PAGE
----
For the benefit of anyone who wants to tell me that I'm doing it wrong, or get more up-to-date data, or make their own chart in a very expensive report for clients without revealing that it's really off the Internet for free, here's what I did. First of all, there's various resources that you'd think would get you straight there, but don't. For example, the government of Alberta has a page of facts and statistics about tar sands. However, this doesn't give complete time series, but rather a smorgasbord of bits and pieces of data trying to make the case that "oil sands" (as they'd prefer you to call the mixture of sand and generally-non-flowing-at-room-temperature-rotted-petroleum-leftovers that the rest of us think would be more accurately described as "tar sands") are the most wonderful thing for the future of humanity, with just the teeniest little tiny impact on the environment. From my perspective, the most useful information is this:
In 2008, Alberta’s production of bitumen was 1.3 million bbl/d with surface mining accounting for 55% and in situ for 45%.and
Currently about 59% of bitumen production is sent for upgrading to SCO in the provinceSCO is "synthetic crude oil", which is what is made via an upgrading process from some of the tar sands bitumen. The rest, I assume, is sold directly as bitumen without upgrading ("bitumen" is, oddly, otherwise known as "tar" not "oil") . There's also a different set of Gov. of Alberta spin here, but it doesn't add much to the picture. I poked all over these websites and never could find even a decent annual production series, let alone monthly data.
So what you have to do instead is go to the Statistics of Canada web site, select "English" (unless, of course, you prefer to do your research in French which is fine with me but in that case you're on your own), then hit "Energy" in the "Browse By" section, and then follow the "Crude oil and gas" link. You'll end up here as of this writing, with a page that looks like this:
Follow the link for "Detailed tables from CANSIM", and towards the bottom of the resulting page, you'll see a region like this:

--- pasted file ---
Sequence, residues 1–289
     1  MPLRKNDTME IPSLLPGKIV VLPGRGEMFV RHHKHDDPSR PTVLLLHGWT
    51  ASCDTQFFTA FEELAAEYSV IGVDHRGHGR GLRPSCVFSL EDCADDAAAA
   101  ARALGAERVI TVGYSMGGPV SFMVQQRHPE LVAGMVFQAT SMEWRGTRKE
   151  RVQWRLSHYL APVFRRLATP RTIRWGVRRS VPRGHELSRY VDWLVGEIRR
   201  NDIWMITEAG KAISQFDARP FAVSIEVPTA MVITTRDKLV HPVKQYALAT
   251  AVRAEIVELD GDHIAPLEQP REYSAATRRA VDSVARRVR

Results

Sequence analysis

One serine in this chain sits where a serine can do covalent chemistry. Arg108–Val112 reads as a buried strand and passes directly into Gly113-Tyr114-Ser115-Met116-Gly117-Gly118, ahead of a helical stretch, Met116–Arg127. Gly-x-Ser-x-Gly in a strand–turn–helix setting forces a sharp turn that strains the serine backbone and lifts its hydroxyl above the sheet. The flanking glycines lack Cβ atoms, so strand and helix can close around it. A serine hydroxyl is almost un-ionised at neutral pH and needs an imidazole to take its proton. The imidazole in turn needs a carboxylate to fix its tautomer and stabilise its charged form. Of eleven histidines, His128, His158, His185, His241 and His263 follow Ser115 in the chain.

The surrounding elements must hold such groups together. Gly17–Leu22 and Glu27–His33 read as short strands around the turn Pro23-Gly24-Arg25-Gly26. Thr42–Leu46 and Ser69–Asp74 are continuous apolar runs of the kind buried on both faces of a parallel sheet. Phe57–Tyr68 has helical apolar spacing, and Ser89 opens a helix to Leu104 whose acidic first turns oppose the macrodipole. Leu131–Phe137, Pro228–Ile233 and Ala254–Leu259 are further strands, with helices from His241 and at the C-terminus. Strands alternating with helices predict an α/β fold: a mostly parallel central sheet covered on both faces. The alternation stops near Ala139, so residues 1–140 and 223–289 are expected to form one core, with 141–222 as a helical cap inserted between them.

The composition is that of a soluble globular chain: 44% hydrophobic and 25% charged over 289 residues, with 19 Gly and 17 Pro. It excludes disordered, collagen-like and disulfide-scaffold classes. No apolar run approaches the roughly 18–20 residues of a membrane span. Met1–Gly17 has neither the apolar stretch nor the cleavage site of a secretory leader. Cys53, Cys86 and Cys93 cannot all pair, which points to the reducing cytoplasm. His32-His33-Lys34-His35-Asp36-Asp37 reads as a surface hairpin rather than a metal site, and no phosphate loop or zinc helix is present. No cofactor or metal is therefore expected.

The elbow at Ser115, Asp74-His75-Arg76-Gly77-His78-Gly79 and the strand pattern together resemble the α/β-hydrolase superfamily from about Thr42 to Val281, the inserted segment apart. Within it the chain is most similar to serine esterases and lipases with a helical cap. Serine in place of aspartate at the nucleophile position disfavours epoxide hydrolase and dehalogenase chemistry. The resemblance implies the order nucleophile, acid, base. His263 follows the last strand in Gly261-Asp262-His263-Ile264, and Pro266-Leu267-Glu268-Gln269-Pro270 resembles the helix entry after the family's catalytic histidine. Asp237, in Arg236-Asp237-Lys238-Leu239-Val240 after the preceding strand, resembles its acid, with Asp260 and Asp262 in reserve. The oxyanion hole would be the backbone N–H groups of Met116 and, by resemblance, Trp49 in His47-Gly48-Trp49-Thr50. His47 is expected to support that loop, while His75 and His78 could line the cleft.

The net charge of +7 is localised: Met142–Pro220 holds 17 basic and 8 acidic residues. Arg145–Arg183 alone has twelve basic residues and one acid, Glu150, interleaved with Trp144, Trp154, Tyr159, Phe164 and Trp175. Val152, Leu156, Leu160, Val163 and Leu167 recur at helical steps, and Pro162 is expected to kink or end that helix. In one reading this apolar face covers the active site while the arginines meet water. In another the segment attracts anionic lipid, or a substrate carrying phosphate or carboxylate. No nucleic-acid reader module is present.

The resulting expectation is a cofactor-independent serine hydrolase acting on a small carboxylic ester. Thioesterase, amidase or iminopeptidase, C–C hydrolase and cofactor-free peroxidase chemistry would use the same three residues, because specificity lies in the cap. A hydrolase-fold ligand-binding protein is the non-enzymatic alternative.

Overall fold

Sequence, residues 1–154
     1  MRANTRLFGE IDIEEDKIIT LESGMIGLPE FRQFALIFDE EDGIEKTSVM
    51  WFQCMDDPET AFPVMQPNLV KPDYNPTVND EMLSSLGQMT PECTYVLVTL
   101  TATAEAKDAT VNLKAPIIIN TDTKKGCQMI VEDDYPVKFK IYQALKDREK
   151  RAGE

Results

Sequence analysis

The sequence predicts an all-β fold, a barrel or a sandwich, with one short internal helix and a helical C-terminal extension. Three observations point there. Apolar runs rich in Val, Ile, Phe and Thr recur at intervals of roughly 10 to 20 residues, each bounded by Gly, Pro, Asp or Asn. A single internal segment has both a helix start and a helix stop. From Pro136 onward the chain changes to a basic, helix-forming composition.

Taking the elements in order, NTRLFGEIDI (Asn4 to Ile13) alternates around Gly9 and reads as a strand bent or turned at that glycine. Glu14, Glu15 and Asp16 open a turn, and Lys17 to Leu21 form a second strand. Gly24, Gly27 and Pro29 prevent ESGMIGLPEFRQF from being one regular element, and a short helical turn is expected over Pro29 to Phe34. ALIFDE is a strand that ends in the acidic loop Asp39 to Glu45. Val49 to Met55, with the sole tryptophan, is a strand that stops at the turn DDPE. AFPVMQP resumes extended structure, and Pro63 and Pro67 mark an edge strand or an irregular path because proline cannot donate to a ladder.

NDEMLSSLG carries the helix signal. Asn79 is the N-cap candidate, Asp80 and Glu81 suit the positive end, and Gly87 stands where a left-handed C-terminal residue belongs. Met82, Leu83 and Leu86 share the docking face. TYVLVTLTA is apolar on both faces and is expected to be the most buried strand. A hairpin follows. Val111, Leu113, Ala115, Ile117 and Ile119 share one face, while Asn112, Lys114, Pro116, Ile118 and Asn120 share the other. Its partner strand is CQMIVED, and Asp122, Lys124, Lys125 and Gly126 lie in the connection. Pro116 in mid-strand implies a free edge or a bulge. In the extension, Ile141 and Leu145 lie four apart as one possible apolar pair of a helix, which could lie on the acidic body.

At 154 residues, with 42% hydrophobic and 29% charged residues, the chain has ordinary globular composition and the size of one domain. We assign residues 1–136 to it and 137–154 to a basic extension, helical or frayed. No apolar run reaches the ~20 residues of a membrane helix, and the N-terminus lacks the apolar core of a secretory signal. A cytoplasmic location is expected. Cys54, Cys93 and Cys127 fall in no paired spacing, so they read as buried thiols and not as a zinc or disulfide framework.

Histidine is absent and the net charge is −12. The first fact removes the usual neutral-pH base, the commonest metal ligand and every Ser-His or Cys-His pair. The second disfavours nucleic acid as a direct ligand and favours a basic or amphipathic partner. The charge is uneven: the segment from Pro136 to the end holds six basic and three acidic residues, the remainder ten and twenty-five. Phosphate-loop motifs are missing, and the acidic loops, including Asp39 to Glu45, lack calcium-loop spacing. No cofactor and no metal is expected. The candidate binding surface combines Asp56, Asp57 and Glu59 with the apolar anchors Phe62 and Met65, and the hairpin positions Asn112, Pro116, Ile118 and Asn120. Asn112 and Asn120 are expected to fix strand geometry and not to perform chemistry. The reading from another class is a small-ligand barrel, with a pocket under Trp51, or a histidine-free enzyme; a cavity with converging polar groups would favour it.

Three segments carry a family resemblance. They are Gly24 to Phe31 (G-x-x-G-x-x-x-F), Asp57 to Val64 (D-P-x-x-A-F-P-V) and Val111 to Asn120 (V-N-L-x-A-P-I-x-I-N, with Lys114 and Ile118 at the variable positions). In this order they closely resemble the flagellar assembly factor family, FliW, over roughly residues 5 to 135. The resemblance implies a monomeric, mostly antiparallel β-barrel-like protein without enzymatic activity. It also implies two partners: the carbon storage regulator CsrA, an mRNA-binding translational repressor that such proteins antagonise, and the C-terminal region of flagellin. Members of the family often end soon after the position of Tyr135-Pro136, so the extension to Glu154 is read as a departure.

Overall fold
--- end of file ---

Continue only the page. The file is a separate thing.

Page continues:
Click on the "126-0001" link to get the details of the supply and disposition of crude oil.
That gives you a page with a form like this:
In the first field, select "Alberta", in the second field, you are going to need to get the "Synthetic Crude Oil" and "Crude Bitumen" series (I got them separately because I didn't realize initially that it wasn't all being converted to syncrude, until I got numbers that were much too small). Select the time range you want, and then proceed (the two buttons at the bottom seem to do fairly similar things as far as I can tell). You will then proceed through a series of screens where you too will have the opportunity to contribute $6 to the great nation of Canada, and I'll let you figure that part out on your own. Since the "Description" link for the table a couple of steps back is useless, my evidence for the idea that adding these two series together is the right thing to do is that the resulting numbers appear roughly consistent with other claims about oil sands data (such as the Alberta governmental numbers quoted above).
Eventually, you'll get a table of data, from which you'll have to edit out many, many instances of the character "r". The data is in m3/month, so you'll adjust for barrels and the number of days in each month (not forgetting leap years if you want to be thorough), and you too will be able to make a graph like the one above.
As you can see, we do seem to be in shouting range of the "1.3mbd" in 2008, total. However, I actually got 1.25mbd average production in 2008, of which 52% was syncrude. Since I assume the bitumen has got to expand when being upgraded to syncrude, the Gov of Alberta's estimate of 59% of the bitumen being upgraded seems a bit high to me.
Anyway, there you have it - a monthly chart of oil sands production. Click on it for the bigger version in its own window:
Some interesting points to me:
- About half of tar sands production is actually tar, not oil.
- Compound annual growth rate from 2000-2009 (average of the first nine months of each) was 9.6%.
- Production did not appreciably slow down in late 2008/early 2009 as a result of the great recession.
Update: picture, for Datamunger (from a Treehugger piece aptly titled "Canadian Tar Sands Look Like Tolkein’s Mordor Says UN Water Advisor")